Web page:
Patent trolls may only be costing agencies $10 million a year, but they're a constant menace that looms over digital deal-making, particularly in mobile applications.
Infringement suits brought by patent trolls -- or "nonpracticing entities," as they're more formally called -- are a nebulous threat, but a handful of entities have become notorious for suing over patents that cover seemingly pervasive technology. Take Helferich Patent Licensing, which has reportedly extracted $750,000 licensing fees from the likes of Apple and Disney to cover those companies' usage of URLs in text messages. (Others, including The New York Times, are headed to court instead of paying the fee.)
Helferich's attorney, Steven Lisa, said the company does not comment on pending litigation.
Hiring a law firm to do a "clearance search" to map out whether a digital project could pose infringement risks can cost $50,000, according to one digital-agency boss, and thus too much to make economic sense for a $300,000 or $400,000 contract. But agencies can easily lose work if they refuse to indemnify their clients (something clients are increasingly asking), so accepting some measure of risk is a necessity.
The potentially catastrophic outcome for an agency is ending up in court over an infringement claim. That happened to San Francisco-based digital shop Fluid about five years ago. A retail client was sued over a web application that enabled a manufacturer's representative to plug information from an end user's shopping cart into a database, and the agency was contractually required to indemnify the client.
Fluid ended up hiring a law firm and teaming up with five companies that had also been sued over the same patent, according to Fluid's chief operating officer, Tamir Scheinok. It could have been a "business-ending event" had it gone on for two months, he said. But the entity dropped the case after six weeks, incurring substantial but not fatal legal expenses.
"After spending $250,000, you'd think I would generally know what line we stepped on, but I can't really tell you," he said.
Agencies take the risks
Mr. Scheinok said that 80% of clients insist on being indemnified for patents, but Fluid won't sign a contract without "significant carve-outs" to reduce its legal exposure. The one that marketers most readily accept is that the agency won't indemnify if the client puts its work product to use in a way that infringes on patents, apart from that product's core technology. The harder-to-swallow exception that Mr. Scheinok said he occasionally wins is being off the hook for suits by nonpracticing entities altogether.
Other agencies report that indemnification for patent infringement can be a sticking point in contract negotiations, and sometimes a deal-breaker. Direct-to-consumer projects that are more likely to be noticed are the riskiest from a patent perspective.
"We try to put in limits that [clients are] indemnified up to one to two times the value of the project, but procurement sometimes says no," said Digitaria's president, Doug Hecht. He observed that the agency recently turned down a digital-product-development job from a Fortune Top 20 client because the terms of the offered deal were too risky; instead, it opted to do a simple website project for that marketer that's essentially risk-free.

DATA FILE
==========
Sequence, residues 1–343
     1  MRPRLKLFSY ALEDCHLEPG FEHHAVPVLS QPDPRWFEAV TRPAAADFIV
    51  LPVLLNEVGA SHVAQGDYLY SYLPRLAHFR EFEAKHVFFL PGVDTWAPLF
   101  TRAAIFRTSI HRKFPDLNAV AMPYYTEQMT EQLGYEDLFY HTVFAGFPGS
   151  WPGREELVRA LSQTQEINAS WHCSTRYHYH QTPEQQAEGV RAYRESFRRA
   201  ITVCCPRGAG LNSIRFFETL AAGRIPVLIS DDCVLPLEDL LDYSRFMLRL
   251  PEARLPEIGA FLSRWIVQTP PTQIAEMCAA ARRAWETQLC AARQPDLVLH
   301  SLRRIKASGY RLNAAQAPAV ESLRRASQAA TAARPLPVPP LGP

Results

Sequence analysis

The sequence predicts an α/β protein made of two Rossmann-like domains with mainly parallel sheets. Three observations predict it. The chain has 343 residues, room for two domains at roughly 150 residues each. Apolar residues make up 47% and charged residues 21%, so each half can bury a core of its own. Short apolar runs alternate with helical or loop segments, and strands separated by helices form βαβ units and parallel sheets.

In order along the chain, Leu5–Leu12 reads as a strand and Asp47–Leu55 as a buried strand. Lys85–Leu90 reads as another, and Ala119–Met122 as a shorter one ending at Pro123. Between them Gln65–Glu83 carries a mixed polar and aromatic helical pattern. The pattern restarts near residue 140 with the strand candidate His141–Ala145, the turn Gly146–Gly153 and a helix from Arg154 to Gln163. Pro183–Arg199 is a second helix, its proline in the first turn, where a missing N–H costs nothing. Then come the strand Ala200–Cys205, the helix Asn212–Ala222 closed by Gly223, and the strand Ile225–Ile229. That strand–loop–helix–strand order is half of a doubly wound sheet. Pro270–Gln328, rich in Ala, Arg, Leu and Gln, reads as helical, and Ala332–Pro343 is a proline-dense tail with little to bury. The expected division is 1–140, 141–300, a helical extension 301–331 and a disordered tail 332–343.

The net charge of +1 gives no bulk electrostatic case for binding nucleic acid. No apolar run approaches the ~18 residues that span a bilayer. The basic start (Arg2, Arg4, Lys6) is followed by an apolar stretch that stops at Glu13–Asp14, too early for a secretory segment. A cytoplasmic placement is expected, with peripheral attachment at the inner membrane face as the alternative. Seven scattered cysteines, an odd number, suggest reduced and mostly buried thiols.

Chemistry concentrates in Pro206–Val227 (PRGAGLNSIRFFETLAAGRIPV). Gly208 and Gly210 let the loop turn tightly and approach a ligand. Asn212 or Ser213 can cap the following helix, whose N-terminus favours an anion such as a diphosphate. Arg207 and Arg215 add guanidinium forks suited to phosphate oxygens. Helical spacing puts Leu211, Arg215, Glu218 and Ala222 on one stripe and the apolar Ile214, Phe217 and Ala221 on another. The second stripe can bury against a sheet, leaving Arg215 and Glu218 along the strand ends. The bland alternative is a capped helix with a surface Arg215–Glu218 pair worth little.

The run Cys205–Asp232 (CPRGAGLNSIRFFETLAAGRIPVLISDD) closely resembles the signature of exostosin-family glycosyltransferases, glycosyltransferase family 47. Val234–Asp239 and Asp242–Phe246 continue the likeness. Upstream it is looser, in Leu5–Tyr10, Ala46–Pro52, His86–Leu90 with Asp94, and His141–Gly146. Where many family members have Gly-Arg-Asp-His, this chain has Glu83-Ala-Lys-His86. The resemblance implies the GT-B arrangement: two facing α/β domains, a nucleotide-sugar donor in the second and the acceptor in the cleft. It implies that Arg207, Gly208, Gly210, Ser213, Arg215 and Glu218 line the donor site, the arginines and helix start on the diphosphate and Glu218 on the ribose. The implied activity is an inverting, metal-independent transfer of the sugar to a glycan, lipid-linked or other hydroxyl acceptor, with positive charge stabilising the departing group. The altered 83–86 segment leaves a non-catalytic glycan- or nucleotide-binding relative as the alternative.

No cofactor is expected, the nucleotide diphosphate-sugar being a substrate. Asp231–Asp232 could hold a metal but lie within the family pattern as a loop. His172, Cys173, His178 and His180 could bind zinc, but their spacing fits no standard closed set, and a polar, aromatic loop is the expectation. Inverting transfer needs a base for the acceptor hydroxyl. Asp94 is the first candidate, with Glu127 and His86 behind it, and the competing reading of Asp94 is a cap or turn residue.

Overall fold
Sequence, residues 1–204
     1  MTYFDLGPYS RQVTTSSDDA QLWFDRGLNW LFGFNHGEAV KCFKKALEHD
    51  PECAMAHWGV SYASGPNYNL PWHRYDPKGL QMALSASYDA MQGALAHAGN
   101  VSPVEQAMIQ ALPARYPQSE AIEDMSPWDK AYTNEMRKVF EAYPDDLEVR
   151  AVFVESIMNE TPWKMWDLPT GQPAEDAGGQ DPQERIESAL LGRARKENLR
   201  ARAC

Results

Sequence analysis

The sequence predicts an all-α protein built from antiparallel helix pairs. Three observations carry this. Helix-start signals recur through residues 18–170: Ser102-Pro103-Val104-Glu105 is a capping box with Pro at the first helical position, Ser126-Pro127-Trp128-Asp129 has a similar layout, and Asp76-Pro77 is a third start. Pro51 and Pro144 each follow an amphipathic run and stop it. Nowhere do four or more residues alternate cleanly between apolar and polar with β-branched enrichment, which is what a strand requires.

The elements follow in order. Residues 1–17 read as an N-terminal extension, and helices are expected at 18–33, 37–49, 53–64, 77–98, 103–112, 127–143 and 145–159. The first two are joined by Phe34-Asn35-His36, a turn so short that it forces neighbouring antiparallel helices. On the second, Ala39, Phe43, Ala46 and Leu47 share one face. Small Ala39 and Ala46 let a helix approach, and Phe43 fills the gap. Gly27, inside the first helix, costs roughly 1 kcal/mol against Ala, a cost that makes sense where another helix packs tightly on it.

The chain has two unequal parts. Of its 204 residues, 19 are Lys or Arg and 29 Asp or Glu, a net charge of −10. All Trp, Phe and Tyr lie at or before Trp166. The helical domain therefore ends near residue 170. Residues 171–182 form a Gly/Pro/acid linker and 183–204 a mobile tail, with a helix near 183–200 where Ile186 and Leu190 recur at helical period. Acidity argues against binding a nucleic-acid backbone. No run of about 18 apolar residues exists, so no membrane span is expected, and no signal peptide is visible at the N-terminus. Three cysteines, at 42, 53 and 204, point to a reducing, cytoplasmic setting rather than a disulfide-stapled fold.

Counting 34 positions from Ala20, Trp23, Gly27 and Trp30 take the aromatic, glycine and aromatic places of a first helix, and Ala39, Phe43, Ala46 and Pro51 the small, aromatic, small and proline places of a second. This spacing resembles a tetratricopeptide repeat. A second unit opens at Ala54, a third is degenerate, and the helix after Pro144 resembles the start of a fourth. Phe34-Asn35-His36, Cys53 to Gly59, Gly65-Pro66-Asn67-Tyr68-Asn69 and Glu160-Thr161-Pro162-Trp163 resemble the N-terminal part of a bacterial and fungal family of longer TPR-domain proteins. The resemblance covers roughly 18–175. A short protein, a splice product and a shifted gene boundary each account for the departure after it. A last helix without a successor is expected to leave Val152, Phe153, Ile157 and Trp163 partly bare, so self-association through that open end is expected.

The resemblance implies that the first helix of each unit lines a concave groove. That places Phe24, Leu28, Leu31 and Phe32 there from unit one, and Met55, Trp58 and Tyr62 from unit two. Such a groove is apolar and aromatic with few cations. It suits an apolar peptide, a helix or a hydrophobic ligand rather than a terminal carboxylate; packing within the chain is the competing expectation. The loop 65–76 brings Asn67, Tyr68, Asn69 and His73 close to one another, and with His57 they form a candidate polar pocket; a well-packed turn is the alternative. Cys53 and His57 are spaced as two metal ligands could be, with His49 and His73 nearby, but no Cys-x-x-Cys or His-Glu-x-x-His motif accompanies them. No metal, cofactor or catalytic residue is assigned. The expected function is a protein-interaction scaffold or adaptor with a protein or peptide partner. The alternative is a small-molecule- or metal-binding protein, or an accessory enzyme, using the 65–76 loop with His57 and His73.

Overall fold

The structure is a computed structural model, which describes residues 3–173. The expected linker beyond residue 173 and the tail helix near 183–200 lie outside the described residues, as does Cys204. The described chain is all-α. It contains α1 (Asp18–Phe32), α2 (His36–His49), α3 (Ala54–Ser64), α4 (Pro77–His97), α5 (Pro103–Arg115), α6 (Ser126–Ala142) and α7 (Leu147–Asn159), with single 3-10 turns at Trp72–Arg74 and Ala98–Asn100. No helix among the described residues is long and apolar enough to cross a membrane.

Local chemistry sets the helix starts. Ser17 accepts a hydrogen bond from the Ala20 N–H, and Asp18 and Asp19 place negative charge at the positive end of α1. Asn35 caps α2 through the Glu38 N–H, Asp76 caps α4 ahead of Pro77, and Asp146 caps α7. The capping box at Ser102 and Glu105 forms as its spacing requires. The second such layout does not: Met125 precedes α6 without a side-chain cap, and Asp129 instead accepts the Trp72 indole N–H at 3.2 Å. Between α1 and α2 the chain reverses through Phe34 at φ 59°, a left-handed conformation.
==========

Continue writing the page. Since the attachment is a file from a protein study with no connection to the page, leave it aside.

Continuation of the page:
Digitaria has had run-ins with nonpracticing entities on four occasions. In one case it had to split a licensing fee with its client, a large hotel chain. (It paid half of a $50,000 fee to an entity that claimed an iPhone app with locator functionality to show which hotels were in the user's vicinity had infringed.)
(Helferich, the firm mentioned earlier, had no involvement with the Fluid or Digitaria cases.)
Developing websites and banners ads are relatively risk-free, Mr. Hecht said. It's mobile apps that are a potential minefield from a patent-infringement perspective.
Though it's incumbent upon agencies when negotiating contracts to gauge their comfort with legal exposure to patent suits, an industry group is trying to produce a balm for them. The Society of Digital Agencies is working with an insurer to develop an IP insurance policy, according to Executive Director Chris Buettner. There's plenty of interest among the group's 70 members, he said, but they're waiting to see if the "cost-benefit ratio makes sense."
Policy changes could also potentially provide some relief from litigation. The shield bill pending in Congress would oblige nonpracticing entities who lose their suits in court to pay all costs and attorney fees associated with the case. And the America Invents Act of 2011 has effectively halved the number of letters claiming patent infringement over the past year, according to Bradley Gross, a patent attorney who works with SoDA. The legislation made it improper to sue multiple defendants in a single instance unless they're connected to each other in some concrete fashion.
"The numbers do show that from an ad agency perspective, the number of patent troll threats have been reduced," he said. "[They're] becoming judicious about where they spend their time and resources."
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